When trauma is repetitive and ongoing as in chronic exposure to childhood abuse and neglect, or in situations where a child experiences prolonged fear states, dissociation can save the mind and help the child to function in the world. However, over time it becomes a way of coping that makes it harder for you to deal with stress, emotions, and relationships.  Dissociation continues to affect you as if the danger is still present, continuing to shut off parts of your experience and interrupt your ability to be present in your life.

To some degree we all use it, and it can take on many forms that range from times we get lost in an experience to separating ourselves from our body and emotions, feeling spacy and not here.

Symptoms of Dissociation

When used in response to trauma, dissociation is characterized by memory loss and a sense of disconnection from oneself and one's surroundings.

It is important to realize that dissociation is a way of coping and is adaptive in nature. We will develop an understanding of the different ways you may have used dissociation, and increase your awareness of when/how it occurs in your life, and what the triggers are.

5 core dissociative symptoms:

  • Amnesia – loss of memory for a significant block of time;
  • Depersonalization – Perhaps the most common form of dissociation. Feeling detached from your body or emotions; feeling like a robot or ‘spacey.'
  • Derealization – a feeling of detachment from your environment, that the familiar has become unfamiliar (including people);
  • Identity confusion – a sense of uncertainty or conflict about who you are and how you define yourself, including your sexual identity;
  • Identity alteration – a shift in role or identity, accompanied by changes in your behaviours that are observable to others.

Working on the Trauma

It is important to understand that working with the underlying trauma needs to occur in a careful and gradual manner. Otherwise, your nervous system will want to revert to dissociative behaviours to cope. It can be hard for some people who have lived their lives in crisis mode as you may have a sense of urgency to ‘get it all out to find some relief.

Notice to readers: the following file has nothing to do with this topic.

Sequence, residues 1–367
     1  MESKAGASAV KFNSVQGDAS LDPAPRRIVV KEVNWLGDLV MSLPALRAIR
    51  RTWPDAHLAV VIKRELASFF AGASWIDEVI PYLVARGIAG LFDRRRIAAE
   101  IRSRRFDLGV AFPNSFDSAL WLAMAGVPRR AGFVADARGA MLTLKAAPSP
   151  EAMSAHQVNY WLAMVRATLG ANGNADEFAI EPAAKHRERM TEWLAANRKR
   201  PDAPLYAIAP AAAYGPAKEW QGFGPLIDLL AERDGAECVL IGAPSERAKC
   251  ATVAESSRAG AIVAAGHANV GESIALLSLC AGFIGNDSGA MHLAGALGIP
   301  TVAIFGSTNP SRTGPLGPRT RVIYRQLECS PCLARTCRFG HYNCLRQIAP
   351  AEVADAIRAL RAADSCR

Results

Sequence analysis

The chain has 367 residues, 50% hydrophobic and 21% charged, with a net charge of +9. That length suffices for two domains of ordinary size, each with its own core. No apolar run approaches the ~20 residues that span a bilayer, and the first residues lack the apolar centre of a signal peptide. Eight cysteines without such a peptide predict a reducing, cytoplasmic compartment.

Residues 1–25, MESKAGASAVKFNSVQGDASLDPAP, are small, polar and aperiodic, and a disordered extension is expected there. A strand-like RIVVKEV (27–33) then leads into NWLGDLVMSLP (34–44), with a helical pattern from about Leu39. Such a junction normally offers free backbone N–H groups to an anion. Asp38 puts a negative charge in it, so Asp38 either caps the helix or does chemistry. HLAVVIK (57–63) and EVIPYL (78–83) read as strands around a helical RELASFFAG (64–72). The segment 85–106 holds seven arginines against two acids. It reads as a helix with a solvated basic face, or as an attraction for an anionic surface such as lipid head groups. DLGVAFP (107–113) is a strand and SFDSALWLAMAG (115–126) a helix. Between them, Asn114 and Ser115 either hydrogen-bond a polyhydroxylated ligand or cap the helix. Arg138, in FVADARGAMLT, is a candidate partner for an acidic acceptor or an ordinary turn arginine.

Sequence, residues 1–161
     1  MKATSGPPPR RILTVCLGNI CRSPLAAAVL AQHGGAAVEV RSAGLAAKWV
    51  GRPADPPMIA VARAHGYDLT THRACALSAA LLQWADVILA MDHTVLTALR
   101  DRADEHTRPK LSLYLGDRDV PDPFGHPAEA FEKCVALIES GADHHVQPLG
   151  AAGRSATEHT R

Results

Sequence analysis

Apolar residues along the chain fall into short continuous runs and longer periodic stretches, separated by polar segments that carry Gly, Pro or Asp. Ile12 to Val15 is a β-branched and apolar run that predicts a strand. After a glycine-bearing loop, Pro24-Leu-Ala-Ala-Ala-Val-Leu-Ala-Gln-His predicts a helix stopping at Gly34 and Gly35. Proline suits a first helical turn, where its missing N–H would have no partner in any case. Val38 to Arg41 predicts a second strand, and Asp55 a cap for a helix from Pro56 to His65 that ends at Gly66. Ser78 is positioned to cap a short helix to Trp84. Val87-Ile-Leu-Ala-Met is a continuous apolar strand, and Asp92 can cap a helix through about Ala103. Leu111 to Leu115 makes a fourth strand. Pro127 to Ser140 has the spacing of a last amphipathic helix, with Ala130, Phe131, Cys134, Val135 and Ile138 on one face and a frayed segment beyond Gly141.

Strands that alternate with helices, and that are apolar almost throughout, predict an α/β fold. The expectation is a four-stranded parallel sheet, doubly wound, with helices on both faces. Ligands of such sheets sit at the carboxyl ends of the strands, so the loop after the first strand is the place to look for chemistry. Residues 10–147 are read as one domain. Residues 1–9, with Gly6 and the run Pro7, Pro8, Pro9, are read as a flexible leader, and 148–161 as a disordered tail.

Even though it may feel counter-intuitive, it is important to slow down.

During this phase of therapy, attention is given to the level of activation as we process the trauma. If the activation of distress is too high, this will re-traumatize and create a further need to dissociate the traumatic material leaving you unable to tolerate and integrate your experiences.

The goal of trauma work is not to recover and process every memory of trauma but rather to develop a coherent sense of one’s life and experiences, to heal the pain that is interfering in the present, and to create the life that you want. We will work on the traumatic material as it arises in the present as you are ready to process it.

As the dissociation reduces and traumatic experiences are released, you will find it easier to tolerate life’s everyday struggles and stresses. It is not uncommon for periods of intense grief to arise particularly when there has been childhood abuse and betrayal. To mourn and grieve is important in letting go and moving on with your life.

The approaches we use at Turning Point Therapy involve a mind-body perspective and experiential and relational approaches. What this means is focusing on your experience in the here and now and developing a strong relationship with your therapist.

Our therapists use a variety of approaches such as EMDR, AEDP IFS, psychodynamic, gestalt, and somatic therapy, to name a few. You will find information on all our therapists in their Bios.